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HyenaDNA | Open-Source StyleDrop | Data Poisoning

HyenaDNA | Open-Source StyleDrop | Data Poisoning

AI Daily | 7.4.23

Welcome back to AI Daily! Today we discuss three great stories, starting with HyenaDNA. The application of the hyena model in DNA sequencing - enabling models to handle a million context length and revolutionizing our understanding of genomics. Secondly, we cover the exciting open-source implementation of StyleDrop - a tool that's making waves in the world of image editing and style replacement. Finally, we delve into the topic of data poisoning - how a small amount of injected data can drastically alter the outcome of an instruction tuning and the implications this has for AI security.

Key Points:

1️⃣ HyenaDNA

  • HyenaDNA utilizes sub-quadratic scaling for DNA sequences, enabling a million context length, each a unique nucleotide, trained on 3 trillion tokens.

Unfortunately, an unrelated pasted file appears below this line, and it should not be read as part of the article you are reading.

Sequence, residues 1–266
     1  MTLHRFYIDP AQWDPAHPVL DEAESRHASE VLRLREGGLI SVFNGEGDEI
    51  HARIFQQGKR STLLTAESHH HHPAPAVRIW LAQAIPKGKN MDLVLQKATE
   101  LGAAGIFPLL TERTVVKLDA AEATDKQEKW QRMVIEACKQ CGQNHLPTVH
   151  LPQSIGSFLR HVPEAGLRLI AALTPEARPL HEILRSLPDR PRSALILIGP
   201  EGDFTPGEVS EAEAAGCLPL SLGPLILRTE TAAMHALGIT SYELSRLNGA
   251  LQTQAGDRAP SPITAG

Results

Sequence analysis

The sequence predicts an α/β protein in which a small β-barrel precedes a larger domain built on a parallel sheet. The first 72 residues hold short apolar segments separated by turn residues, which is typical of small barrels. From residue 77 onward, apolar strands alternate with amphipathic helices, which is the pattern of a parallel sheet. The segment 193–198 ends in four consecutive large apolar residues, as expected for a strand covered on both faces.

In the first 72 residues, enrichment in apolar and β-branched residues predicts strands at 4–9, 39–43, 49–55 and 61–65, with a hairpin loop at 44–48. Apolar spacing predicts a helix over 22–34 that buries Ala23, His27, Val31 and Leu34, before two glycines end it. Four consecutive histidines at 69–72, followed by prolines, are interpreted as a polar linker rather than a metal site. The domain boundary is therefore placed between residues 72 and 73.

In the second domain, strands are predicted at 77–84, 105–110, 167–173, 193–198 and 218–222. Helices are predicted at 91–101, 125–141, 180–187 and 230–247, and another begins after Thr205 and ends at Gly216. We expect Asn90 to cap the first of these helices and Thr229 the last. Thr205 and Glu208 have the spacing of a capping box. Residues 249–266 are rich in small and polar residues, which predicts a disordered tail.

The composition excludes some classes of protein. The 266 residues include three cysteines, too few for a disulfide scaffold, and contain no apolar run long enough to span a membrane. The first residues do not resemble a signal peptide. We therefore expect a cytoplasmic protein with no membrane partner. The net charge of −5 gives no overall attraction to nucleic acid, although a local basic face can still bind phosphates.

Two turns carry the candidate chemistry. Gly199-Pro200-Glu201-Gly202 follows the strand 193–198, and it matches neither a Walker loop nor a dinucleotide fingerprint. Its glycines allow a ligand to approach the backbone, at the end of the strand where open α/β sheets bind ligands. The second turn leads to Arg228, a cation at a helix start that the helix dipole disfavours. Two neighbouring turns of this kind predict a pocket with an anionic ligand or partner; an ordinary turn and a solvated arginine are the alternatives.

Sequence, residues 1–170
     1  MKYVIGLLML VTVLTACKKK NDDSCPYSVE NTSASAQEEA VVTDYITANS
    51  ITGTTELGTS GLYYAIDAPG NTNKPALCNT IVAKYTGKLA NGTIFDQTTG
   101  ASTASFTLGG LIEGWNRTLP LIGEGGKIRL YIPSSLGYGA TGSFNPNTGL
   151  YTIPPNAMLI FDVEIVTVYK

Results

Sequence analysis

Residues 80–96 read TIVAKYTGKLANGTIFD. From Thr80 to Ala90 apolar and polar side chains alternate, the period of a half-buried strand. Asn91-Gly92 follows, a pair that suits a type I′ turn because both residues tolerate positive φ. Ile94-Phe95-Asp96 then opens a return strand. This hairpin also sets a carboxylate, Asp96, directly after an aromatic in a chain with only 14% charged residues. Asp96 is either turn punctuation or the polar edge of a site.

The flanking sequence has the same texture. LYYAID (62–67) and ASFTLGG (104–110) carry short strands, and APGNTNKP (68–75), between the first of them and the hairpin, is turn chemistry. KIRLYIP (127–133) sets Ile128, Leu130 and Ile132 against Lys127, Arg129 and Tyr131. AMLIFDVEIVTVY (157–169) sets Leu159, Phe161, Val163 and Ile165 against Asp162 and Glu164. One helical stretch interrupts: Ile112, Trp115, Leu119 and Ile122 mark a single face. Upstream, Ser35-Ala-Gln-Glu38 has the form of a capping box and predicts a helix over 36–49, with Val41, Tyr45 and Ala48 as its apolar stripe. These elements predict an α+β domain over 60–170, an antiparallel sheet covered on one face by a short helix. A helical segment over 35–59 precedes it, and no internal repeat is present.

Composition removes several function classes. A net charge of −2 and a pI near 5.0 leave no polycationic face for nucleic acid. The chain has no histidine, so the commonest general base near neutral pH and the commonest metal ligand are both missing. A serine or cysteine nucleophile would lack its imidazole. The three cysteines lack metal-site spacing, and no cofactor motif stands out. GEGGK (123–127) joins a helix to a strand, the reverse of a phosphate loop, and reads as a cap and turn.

• HyenaDNA, setting a new state-of-the-art in genomics benchmarks, could predict gene expression changes, elucidating protein creation from genetic polymorphisms.

  • It's 160 times faster than previous LLMs, fitting on a single CoLab, showcasing the potential to outperform transformers and attention models.

2️⃣ Open-Source StyleDrop

  • An open-source version of Style Drop, an image editing and style replacing tool, has been implemented and made available for public use.

  • Style Drop outperforms comparable models and offers comprehensive instructions for setup, allowing users to experiment with stylizing lettering and more.

  • Following a pattern set by Dream Booth, Style Drop went from being a Google research paper to being implemented as an open-source project on GitHub.

3️⃣ Data Poisoning

  • Two papers discuss data poisoning, a technique where information like ads or SEO can be injected into LLMs, impacting their responses and recommendations.

  • Even a small number of examples in a dataset can effectively "poison" it, significantly altering the output of a language model during fine tuning.

  • This technique is expected to be used with open-source datasets for fine-tuning, similar to how publishers put fake words in dictionaries to trace usage.

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AI Daily
AI Daily
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